So too with racism: race as a biological category might not exist but ‘race’ as a category for ordering society certainly does, and the results of that ‘social fact’ are visible every day. But when people act in solidarity, they break down the invisible barriers and we discover that, as Jo Cox, we have more in common than divides us.
Imagine the history of antisemitism if it were written only by Jews. Even worse, imagine the struggle against antisemitism if it were only undertaken by Jews, or the fight against Holocaust denial. It is only because non-Jews also care to eradicate such hatred from society that the campaign against antisemitism, to the extent it has succeeded, has had any effect. That is not to deny the important work undertaken by Jewish writers, campaigners, politicians and artists; but without broader support, their struggle, as a small minority, would have been far harder.
In the South African struggle against Apartheid, the fact that a small number of white activists, including many Jews, fought alongside Blacks was a signal that not everyone who is not a direct victim of racism remains indifferent.
At a very basic level, if it were not possible to understand other people’s experiences, the work of historians, anthropologists and writers of creative fiction would be impossible. It is not cultural expropriation to express solidarity with Black protestors, nor is it insensitive to voice anti-racist views. To the contrary, it is a sine qua non of the anti-racist movement.
Hannah Arendt liked to quote the words of Georges Clemenceau: ‘the affair of one person is the affair of all’. If we want to live in a society where our slogans of equality are meaningful, then, without claiming that white people know what it is like to be the daily victims of racism, we need to speak out against the racism that blights our world. This is not to say that Black organising cannot achieve things. But victories achieved by just one group which are supposed to bring about equality for all groups will be hollow ones, unless all groups join in and accept the basic premise.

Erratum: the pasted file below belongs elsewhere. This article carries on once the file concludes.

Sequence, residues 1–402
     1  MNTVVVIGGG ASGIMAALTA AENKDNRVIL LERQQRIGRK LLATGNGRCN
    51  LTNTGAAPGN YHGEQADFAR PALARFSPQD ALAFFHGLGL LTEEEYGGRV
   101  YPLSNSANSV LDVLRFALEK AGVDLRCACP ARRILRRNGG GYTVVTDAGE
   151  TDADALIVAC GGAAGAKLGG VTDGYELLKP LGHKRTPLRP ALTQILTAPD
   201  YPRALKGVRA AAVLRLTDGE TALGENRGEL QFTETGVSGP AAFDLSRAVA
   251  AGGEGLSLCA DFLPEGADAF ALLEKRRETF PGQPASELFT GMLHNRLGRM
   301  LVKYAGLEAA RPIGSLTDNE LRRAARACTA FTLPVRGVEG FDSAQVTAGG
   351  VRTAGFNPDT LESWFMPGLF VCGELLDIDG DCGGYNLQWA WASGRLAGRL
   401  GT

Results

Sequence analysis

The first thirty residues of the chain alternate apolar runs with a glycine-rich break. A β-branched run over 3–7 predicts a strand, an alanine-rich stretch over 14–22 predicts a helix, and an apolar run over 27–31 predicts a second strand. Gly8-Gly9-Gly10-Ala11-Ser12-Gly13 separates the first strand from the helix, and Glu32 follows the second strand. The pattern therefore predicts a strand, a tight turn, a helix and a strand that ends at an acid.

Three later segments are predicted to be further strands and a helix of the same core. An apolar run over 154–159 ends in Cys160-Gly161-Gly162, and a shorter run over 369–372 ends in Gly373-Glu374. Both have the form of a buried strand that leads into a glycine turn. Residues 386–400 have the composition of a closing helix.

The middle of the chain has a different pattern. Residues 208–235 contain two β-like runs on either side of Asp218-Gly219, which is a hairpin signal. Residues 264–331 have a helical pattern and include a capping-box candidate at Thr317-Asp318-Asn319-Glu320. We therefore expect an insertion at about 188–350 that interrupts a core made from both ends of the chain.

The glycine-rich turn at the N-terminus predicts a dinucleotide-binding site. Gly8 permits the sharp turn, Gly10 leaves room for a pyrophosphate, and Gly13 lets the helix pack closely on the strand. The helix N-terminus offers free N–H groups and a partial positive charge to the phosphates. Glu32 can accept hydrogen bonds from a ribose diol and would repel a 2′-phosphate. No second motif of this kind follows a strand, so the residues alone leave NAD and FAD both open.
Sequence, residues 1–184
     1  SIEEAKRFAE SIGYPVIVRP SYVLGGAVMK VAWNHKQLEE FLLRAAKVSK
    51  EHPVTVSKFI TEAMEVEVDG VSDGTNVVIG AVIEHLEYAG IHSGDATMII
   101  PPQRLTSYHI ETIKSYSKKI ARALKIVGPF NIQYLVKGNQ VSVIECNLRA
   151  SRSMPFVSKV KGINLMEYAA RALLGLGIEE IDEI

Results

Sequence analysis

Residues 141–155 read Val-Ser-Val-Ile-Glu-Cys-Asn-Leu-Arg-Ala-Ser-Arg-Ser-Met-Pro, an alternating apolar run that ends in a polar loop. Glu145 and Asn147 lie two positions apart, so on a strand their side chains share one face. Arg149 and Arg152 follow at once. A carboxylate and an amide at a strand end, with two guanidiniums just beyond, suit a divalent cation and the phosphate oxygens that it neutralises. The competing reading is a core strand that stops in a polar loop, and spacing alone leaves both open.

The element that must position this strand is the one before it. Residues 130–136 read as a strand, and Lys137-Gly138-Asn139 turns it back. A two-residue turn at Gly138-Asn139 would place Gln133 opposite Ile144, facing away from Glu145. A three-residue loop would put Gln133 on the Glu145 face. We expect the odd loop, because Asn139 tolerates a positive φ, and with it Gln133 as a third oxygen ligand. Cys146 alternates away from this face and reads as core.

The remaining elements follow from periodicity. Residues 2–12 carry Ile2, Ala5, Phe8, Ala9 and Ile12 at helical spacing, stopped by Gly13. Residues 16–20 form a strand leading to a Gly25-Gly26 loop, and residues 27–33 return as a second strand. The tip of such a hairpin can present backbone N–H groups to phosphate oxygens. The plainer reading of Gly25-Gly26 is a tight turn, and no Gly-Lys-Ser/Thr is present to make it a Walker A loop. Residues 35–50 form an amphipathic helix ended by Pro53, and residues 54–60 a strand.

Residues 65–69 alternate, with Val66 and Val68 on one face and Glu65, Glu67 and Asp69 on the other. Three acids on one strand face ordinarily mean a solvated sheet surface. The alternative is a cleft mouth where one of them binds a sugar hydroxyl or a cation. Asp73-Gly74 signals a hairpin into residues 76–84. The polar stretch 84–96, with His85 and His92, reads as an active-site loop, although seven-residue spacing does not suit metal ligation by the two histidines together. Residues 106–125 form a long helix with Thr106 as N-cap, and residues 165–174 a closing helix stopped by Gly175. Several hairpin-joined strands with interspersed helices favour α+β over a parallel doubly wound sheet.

‘Racism’, wrote the philosopher Emmanuel Levinas in 1933, ‘is not just opposed to such and such a particular point in Christian and liberal culture. It is not a particular dogma concerning democracy, parliamentary government, dictatorial regime, or religious politics that is in question. It is the very humanity of man.’ To defeat racism, white people need, at the very least, to speak out and say that they agree with the aim of the black protestors to achieve equality for all.
Professor Dan Stone is a Senior Fellow at CARR and Professor of Modern History at Royal Holloway, University of London. See his profile here.
© Dan Stone. Views expressed on this website are individual contributors and do not necessarily reflect that of the Centre for Analysis of the Radical Right (CARR). We are pleased to share previously unpublished materials with the community under creative commons license 4.0 (Attribution-NoDerivatives).
This article was originally published at CARR’s media partner, Open Democracy. See the original article here.